A year ago today, on a cold Saturday in February, Black America was in serious need of some healing. The day before would’ve been the 21st birthday of Trayvon Martin and police were still trigger happy across the nation. The mandarin trashcan was gaining momentum in the polls. This was all during Black History Month. It had been over two years since Beyoncé released an album or any type of solo music. She guest-starred on a few singles, but nothing major. We heard that she would be performing at the Super Bowl the next day, but with no new music, we were unsure of what she would perform. Well, she may not come when you want her, but she’s right on time. That day, news hit twitter that Beyoncé had released a new single and video on her website titled “Formation.”
At this point, surprise Bey releases weren’t a surprise anymore, but it was still news. I was sitting snugly in my apartment when the news came, and my heart started beating double-time. Immediately, I took my phone out and beheld the glory. I was greeted by the voice of the late Messy Mya, a NOLA legend, and Bey stooping down on a sunken NOLA police car. I didn’t know what to expect, but I knew my life was about to be changed. This video had everything. Images of black excellence and the devastation caused by Hurricane Katrina flashed before me. Beyoncé resembling the next black Supreme in a wide brimmed top hat. Her daughter Blue Ivy running around getting her life with two other little black girls. Bey was celebrating southern blackness in its full glory.
“My daddy Alabama. Mama Louisiana[. . .] I like my baby heir with baby hair and afros. I like my negro nose with Jackson-5 nostrils.”
There was so much to unpack in that video, from the imagery to the lyrical content. From the dancers all being black women to the lyrics unabashedly claiming and owning her blackness. The images of destruction and despair paired with lyrics of persevering and “slaying” shit in the face of seemingly insurmountable obstacles. Southern Belles in a boudoir planning their next attack. Black girls enjoying being children before the world inevitably attempts to snatch it from them. At the end of the video, images of black women reclaiming joy juxtaposed with the little black boy dancing and putting his hands up in front of police. Also, her using her body to sink a police car is the last image you see.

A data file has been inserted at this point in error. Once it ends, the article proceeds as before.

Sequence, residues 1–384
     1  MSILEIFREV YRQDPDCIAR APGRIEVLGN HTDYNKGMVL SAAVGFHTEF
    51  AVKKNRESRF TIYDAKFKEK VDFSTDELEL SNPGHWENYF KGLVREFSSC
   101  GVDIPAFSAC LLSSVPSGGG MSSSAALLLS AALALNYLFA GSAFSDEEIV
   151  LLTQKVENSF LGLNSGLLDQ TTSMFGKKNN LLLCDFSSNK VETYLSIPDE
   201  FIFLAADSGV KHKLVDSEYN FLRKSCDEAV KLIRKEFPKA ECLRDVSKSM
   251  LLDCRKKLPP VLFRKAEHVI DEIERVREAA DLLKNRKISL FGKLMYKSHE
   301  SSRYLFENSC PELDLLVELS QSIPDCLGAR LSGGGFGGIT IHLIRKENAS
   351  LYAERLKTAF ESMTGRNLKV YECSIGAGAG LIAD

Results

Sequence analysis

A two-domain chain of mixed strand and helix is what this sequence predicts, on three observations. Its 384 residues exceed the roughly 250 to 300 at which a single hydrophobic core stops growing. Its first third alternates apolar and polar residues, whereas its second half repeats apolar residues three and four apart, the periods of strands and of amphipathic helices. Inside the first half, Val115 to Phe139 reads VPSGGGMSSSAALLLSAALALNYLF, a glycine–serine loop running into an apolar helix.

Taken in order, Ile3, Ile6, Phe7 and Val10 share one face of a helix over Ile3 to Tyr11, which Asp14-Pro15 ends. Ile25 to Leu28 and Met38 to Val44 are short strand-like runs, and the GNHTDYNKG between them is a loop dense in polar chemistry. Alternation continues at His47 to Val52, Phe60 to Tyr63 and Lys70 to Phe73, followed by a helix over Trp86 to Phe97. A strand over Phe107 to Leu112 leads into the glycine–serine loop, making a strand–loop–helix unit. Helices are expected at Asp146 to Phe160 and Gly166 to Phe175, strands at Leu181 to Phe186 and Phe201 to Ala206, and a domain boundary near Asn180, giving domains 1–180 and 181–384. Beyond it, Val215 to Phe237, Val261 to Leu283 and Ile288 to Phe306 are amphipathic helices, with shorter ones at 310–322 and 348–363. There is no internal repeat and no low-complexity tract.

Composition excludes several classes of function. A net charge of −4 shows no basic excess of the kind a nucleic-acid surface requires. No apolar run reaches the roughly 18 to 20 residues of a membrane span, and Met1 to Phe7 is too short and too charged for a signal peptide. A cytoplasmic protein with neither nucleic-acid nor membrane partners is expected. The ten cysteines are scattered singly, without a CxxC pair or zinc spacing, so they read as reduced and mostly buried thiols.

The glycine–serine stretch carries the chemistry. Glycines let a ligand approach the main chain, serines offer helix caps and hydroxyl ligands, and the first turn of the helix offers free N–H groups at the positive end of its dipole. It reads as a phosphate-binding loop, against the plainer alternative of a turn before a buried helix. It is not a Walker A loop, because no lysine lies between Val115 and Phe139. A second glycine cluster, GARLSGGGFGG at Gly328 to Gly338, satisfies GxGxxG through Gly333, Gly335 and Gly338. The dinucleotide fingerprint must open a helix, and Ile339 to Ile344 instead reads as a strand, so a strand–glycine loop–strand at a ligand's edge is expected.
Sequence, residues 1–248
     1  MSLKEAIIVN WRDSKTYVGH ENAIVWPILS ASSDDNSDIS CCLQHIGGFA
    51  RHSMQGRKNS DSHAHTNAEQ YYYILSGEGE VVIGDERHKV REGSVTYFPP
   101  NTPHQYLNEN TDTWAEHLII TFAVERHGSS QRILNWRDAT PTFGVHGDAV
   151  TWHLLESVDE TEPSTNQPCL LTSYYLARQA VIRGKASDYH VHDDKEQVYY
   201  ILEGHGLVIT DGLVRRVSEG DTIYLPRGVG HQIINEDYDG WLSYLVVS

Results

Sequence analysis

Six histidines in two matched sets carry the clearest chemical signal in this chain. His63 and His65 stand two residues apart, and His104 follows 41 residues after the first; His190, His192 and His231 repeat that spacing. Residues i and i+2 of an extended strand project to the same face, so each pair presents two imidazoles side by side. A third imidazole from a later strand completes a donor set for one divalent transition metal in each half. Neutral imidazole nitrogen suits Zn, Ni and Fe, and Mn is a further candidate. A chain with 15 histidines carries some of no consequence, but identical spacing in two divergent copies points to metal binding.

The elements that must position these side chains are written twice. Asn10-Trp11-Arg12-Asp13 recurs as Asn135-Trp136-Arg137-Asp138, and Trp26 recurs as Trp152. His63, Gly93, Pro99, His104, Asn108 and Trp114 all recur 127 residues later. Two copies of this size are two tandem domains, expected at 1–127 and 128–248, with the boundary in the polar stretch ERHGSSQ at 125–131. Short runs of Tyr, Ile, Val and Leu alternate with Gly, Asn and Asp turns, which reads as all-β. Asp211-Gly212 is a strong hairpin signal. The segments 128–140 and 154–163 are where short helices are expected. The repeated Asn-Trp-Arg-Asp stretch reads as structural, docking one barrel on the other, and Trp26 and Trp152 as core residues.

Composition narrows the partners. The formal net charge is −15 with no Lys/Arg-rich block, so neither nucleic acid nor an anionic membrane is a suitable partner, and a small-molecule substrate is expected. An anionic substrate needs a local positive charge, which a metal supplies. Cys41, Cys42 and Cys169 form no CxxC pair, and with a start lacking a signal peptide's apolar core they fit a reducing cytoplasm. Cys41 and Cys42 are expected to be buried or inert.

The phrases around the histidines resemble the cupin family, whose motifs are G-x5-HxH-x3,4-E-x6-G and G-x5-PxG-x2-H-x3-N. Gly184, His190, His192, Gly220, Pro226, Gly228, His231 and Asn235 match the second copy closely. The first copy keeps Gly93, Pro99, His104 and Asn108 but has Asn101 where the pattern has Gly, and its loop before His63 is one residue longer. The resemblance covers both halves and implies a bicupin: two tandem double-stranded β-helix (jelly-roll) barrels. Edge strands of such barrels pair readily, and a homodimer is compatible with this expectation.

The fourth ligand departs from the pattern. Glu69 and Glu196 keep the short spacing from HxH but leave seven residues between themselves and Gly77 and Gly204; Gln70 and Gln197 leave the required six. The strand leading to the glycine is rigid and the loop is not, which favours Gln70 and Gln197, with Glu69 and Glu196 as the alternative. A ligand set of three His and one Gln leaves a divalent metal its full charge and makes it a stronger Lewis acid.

Beyoncé then went on to perform with Coldplay and Bruno Mars at the Super Bowl, donned in an outfit that paid homage to Michael Jackson. She brought out all-black female dancers dressed as modern-day black panthers raising their fists. Bey proclaimed on national television that she was, in fact, a black woman and loved it. Afterwards, she announced a tour and an upcoming HBO special. That album turned out to be one of the most integral albums of 2016 in terms of black joy and self-love.
ON February 6th, 2016, Beyoncé told everyone to get (in)formation. It was a clarion call to, and in celebration of, black folks, with emphasis on black femmes. You have to appreciate how she gives us what we need before we need it. Little did we know that 2016 was out for blood. “Formation” and Lemonade+ as a whole would prove to be essential to our sanity. “Formation” was the perfect modern addition to the black history month joy playlist. It was an overt display of black joy and perseverance that magnified the natural excellence of black folks everywhere.